- Gathering feedback from business stakeholders
Collaborating with other designers.
We rarely sit at our desks. Design facilitation is our new role. We collaborate in the open to facilitate the design of the product. The results can only be realized once the design is part of the product and in the hands of the customer—we can’t do this alone.
“Design facilitation is our new role.”
So in addition to these 3 modes, we need to be great with people. We build really strong relationships and collaborate closely with several different people. We build empathy with them and their world to understand their goals and constraints. People like:
- Business stakeholders
- Other designers and researchers
- The end user of the product
Organizing the work in-hand.
Making it work
All this seems very hard, and it is. The secret to making agile UX work: always know the most valuable thing you can do. We give each task 100%—as multi-tasking is not allowed. But we never forget to make time for the other work.
If you don’t develop a roadmap, your product won’t move forward. Without preparing for the work ahead, the whole team will slow down. And without working closely with developers those results won’t get realized.
“If you don’t develop a roadmap, your product won’t move forward.”
Things to try with your team
- Embed your designers into each development team—move their desks right next to the developers
- Experiment with reducing the number of sprints ahead that your designers work
- Show design work on the same wall you use to show work-in-progress development work or user stories and talk about it at your team standups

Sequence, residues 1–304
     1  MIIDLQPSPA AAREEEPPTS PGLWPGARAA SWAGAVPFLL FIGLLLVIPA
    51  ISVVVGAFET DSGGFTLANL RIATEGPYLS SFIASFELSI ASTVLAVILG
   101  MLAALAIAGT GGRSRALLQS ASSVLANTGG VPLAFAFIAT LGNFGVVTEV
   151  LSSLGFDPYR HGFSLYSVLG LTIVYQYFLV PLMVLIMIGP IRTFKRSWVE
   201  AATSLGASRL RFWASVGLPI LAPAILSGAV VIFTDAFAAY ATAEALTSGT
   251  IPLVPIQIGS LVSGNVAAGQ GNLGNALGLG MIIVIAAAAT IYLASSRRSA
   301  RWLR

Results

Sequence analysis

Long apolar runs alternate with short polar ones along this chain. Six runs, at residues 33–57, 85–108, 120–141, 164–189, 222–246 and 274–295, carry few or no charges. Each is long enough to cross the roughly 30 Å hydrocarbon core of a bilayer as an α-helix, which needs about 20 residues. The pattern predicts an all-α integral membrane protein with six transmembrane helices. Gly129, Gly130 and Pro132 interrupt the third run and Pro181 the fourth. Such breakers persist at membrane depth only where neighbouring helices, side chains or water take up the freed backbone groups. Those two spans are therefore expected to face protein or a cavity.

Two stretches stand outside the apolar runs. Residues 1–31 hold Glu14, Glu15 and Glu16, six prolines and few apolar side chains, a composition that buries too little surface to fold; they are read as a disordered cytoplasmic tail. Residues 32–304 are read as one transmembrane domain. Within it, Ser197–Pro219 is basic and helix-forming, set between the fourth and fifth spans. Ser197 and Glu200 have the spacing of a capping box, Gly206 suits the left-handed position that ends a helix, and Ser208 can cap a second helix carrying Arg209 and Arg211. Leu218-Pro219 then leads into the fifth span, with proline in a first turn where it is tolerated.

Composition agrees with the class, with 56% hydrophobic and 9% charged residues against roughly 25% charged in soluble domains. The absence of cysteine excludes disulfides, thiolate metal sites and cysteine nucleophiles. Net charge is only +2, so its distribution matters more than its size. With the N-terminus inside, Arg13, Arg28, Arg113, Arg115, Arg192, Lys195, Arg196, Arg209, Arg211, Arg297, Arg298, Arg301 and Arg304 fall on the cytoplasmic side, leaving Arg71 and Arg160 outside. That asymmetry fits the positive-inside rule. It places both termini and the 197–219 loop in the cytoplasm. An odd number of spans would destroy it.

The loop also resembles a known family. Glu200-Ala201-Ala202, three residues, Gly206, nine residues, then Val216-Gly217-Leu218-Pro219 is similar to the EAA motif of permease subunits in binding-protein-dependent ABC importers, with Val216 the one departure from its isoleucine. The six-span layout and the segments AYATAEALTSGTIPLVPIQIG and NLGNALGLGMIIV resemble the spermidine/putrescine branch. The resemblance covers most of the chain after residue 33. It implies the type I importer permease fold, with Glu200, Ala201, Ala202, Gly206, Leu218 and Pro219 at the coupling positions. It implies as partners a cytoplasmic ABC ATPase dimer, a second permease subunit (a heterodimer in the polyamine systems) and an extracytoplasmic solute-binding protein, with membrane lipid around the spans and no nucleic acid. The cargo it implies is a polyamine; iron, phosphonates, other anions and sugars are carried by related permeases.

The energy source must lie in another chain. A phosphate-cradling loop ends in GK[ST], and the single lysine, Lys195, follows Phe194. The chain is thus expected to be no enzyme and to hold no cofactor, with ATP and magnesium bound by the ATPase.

- Map out the whole customer journey with the whole team
- Involve the whole team—including developers—in brainstorming ideas for the work ahead
- Create an ongoing research process and involve the whole team
- Visualize all your design tasks for everyone to see—this will help you prioritize what you need to focus on
Nothing’s ever perfect. Every piece of design work is an iteration towards perfection and the search for more knowledge about the customer and their needs.
To be successful and happy working like this—as the UX designer in a fast-moving cross-functional team—you could say you need to be superhuman. But I think it’s more about being a super human being.
Chris Thelwell has been a digital product designer in both the UK and Australia for many years, juggling award-winning F1 projects, cool Google Chrome apps and the occasional European football championship. An outcome focused design leader, Chris specializes in disrupting markets, creating innovative new digital products, and building high-performing design teams in Agile software delivery environments within large enterprises, startups, and agencies.